The other employment crisis: In manufacturing, high-skilled labor is increasingly hard to find

Coming out of one of the most enduring and destructive economic downturns since the Great Depression, it might seem odd to talk about a labor shortage, but that’s exactly what many industries are facing – and it could get worse if and when the economy swings into full recovery mode.

According to David DeLong, co-author of The Executive Guide to High-Impact Talent Management: Powerful Tools for Leveraging a Changing Workforce and the keynote speaker at next week’s Wisconsin Manufacturing Extension Partnership (WMEP) Manufacturing Matters! Conference, many manufacturers face a present and looming threat to their growth because of a shortage of experienced welders, machinists, and other highly skilled laborers. In short, says DeLong, there’s currently a mismatch “between what skills the workforce has and what skills management and companies need.”

DeLong identifies three key factors that are contributing to this problem: 1) The workforce is aging, 2) manufacturing jobs are becoming more complex and sophisticated, and 3) young people are simply avoiding careers in manufacturing.

“First of all, you’ve got 76 million baby boomers heading out the door, though some of them have slowed their departure time,” said DeLong. “Secondly, you’ve got an increasingly complex workplace with more technology, changing technology, and more sophisticated technology, operating in global markets, with more suppliers and customers – all factors that make the skill sets needed to be effective in today’s organizations that much more complex. So a lot of these are skills that workers who have been in the workforce for many years haven’t necessarily developed.

“What’s happened is [that] a lot of young kids or younger adults are choosing not to go into manufacturing fields or technical fields that don’t require a four-year college education but which present the opportunity of a terrific career, a pretty steady salary.” – David DeLong, co-author of The Executive Guide to High-Impact Talent Management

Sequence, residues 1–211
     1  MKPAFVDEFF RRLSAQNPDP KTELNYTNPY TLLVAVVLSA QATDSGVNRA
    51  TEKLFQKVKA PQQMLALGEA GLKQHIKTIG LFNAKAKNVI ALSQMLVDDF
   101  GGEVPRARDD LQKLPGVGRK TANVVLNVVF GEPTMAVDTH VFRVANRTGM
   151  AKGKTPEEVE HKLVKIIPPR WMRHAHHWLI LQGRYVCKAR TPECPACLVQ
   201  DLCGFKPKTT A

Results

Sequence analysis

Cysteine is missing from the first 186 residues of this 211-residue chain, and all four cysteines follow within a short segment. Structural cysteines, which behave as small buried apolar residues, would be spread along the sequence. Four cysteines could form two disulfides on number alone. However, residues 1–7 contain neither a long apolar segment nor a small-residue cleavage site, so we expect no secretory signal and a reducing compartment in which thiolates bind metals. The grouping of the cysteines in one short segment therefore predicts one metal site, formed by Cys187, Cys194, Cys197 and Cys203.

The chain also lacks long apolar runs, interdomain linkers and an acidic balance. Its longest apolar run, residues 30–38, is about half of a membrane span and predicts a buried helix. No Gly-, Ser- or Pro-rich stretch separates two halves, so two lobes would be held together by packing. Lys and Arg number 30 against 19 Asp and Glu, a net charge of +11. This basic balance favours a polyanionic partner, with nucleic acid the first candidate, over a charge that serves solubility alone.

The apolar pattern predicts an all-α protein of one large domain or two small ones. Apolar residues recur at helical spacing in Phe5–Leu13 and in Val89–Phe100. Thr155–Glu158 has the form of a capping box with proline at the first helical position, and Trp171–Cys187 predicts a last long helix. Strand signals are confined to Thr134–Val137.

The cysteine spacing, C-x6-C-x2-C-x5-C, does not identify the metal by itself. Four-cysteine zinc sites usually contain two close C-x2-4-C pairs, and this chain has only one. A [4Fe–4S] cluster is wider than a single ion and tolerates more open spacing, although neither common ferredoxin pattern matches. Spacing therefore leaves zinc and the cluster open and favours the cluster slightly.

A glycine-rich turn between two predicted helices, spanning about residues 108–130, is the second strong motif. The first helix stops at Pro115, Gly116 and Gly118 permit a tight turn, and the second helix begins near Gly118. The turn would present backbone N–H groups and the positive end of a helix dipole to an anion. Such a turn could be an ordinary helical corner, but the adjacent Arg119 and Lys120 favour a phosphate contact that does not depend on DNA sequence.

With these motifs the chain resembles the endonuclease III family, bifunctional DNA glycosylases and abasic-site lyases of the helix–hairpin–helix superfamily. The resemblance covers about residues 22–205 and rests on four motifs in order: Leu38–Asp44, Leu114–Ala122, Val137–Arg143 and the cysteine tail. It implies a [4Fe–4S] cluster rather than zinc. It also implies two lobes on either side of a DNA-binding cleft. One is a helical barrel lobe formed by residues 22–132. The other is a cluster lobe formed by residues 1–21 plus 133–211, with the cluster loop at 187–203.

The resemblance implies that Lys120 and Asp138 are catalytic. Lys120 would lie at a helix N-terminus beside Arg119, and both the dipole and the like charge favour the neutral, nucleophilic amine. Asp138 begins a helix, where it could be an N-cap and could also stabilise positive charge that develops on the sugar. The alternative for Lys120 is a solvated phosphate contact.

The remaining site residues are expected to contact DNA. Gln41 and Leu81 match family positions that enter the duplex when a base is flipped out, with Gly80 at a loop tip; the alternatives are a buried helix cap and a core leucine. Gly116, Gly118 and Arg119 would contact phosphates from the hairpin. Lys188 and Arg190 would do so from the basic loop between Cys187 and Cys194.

“The third factor is, you have, I think, in this country undersold the value and importance of skilled trades, the opportunities for productive careers in those fields. So what’s happened is [that] a lot of young kids or younger adults are choosing not to go into manufacturing fields or technical fields that don’t require a four-year college education but which present the opportunity of a terrific career, a pretty steady salary.”

Of course, the notion that manufacturing might hold promise for a new high school graduate runs counter to a stubborn public perception, which holds that manufacturing jobs tend to be dirty, unpleasant and, perhaps worst of all, unstable. But while the day when a new high school grad could easily step into a secure, good-paying job at the local mill or foundry may be gone, plenty of opportunity still exists in manufacturing, says DeLong.

“Obviously, there have been a lot of manufacturing jobs lost,” said DeLong. “But what isn’t understood is not all manufacturing jobs are going away. There are certain fields and certain high-end manufacturers where people produce things – such as more customized products, niche products – where a long supply line to China is not a viable option for your customers who need supplies in a short time frame, so they need suppliers or manufacturers who are close by.

“So there are certain manufacturing fields and opportunities that are tremendously promising in Wisconsin today and in the country today. The problem is people hear industry has gone to hell, and they assume, well, that’s not a place I want to invest my future. But in reality there are some tremendous opportunities in manufacturing.”

Addressing the issue